SAGIS Puts Property Info Online - WTOC-TV: Savannah, Beaufort, SC, News, Weather & Sports


SAGIS Puts Property Info Online

If you've ever been involved in a major real estate deal, you know there are a million details you need to think about. Even if you're just hunting down a small home, all the information you need used to be hard to get hold of. Not any more in Chatham County, where a geographic information system it lets you find everything from photographs to property values on the internet.
John Brannen, director of the Savannah-Area Geographic Information System project, or SAGIS, said his group gathers all the "data that is necessary to run a community, whether it's economic development data, or zoning data, or routing, traffic routing." SAGIS' goal is "combining all of this in a system that you can more quickly find data as you need it."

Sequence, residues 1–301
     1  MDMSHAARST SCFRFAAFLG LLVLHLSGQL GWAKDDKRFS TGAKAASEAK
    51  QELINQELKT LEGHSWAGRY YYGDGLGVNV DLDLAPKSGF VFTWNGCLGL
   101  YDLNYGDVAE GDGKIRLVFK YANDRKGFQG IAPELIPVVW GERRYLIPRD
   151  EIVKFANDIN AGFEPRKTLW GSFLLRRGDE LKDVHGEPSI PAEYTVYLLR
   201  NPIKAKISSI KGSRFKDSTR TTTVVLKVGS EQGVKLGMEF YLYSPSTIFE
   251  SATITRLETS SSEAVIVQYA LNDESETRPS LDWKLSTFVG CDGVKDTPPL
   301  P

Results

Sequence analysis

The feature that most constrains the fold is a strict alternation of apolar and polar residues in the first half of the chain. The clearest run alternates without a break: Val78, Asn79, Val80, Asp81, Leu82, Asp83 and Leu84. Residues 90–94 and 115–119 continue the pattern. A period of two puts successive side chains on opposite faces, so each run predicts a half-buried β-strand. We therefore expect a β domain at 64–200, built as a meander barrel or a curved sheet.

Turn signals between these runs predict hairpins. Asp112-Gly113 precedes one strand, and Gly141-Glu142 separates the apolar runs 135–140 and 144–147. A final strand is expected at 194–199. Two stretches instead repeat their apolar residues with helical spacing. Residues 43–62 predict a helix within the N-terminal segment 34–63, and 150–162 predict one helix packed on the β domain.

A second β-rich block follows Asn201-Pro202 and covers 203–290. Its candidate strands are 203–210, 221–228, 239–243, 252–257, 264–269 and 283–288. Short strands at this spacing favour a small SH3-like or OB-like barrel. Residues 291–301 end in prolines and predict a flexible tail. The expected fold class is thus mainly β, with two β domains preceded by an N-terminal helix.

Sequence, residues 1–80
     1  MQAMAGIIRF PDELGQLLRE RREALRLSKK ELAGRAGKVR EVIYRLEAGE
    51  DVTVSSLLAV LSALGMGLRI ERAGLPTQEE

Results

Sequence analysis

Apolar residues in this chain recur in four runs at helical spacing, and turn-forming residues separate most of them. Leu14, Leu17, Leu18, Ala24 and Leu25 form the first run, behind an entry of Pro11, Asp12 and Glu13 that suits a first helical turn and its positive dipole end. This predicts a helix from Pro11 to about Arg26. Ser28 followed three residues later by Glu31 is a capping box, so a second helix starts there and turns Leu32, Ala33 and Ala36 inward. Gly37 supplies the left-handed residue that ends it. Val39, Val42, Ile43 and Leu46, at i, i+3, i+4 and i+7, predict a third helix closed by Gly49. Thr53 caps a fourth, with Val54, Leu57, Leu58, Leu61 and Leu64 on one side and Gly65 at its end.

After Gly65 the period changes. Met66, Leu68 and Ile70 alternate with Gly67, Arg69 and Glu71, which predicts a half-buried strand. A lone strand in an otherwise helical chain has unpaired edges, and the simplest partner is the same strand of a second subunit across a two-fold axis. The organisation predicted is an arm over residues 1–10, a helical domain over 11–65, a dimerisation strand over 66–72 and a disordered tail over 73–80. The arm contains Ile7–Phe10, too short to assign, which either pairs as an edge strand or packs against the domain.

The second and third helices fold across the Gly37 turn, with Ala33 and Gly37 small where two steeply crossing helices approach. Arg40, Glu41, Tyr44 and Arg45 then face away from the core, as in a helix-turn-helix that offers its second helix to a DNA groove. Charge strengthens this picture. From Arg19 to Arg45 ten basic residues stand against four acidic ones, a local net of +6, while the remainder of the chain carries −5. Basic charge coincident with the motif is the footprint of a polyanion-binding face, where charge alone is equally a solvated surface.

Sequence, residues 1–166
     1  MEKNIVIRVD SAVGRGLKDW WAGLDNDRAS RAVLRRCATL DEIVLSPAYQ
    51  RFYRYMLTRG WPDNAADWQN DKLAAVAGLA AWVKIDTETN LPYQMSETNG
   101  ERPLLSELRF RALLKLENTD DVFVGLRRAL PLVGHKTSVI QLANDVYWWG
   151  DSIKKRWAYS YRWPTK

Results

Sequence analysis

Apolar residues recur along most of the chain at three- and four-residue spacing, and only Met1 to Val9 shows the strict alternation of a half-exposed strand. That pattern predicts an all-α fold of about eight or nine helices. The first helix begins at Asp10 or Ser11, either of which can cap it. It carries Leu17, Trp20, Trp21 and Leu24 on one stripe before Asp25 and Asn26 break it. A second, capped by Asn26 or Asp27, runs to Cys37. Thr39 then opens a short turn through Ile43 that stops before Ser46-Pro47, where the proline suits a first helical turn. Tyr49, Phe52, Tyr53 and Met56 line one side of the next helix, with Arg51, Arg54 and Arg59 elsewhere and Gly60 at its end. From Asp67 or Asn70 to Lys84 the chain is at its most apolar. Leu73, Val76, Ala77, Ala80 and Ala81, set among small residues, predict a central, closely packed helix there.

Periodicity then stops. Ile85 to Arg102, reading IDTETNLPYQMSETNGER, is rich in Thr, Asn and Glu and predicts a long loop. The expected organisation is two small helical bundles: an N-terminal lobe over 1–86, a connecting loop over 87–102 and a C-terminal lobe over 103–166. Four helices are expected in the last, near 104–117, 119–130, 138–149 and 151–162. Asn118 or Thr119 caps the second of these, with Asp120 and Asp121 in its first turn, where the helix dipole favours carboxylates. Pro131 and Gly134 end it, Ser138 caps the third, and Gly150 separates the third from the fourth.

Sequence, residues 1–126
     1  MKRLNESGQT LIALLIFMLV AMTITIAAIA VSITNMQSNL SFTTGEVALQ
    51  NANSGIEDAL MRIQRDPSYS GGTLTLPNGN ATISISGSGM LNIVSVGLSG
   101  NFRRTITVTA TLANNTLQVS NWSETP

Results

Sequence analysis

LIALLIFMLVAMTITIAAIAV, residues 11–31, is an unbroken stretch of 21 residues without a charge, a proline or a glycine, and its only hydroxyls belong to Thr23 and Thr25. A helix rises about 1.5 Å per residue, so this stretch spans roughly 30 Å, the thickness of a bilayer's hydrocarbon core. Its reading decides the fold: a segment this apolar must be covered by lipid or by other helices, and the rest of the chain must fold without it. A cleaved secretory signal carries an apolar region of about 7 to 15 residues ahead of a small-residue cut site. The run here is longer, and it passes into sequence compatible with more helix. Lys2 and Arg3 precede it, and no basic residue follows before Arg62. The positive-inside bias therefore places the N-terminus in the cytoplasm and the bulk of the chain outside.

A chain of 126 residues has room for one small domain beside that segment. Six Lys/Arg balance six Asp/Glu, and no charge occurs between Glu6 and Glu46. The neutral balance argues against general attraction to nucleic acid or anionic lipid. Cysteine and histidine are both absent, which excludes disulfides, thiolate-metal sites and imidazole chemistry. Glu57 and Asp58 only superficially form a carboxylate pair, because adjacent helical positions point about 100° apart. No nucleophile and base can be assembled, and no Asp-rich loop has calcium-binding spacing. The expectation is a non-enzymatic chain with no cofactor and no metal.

SAGIS utilizes the resources of city, county, and industry to bring everything from tax assessments to flood patterns into a single system. It's an initiative to help government, businesses, and individuals make more informed decisions. Though he stresses SAGIS is a work in progress, Brannen tells us it's already helped grab the interest of major players.

"We were part of the process for the DaimlerChrysler site," he said. "We were able to bring the data all together from all the different components, the sewer, the storm water, the telephone service...I think the [DaimlerChrysler] people liked that a lot, because it showed the community working together. Their front people didn't have to have to come here and find out all of that by talking to individual agencies and groups."

For smaller real estate interests, you can get public information, like land value and pictures of individual properties, on SAGIS' website. There they have parcel information, aerial photographs, even contour lines. This all comes from a variety of sources, and SAGIS puts it all in one place for you.

For national security reasons, SAGIS can't put everything it tracks on that site--things detailing critical infrastructure, for example--but they can make that information more readily available to developers and others who need to know.

Reported by: Charles Gray,


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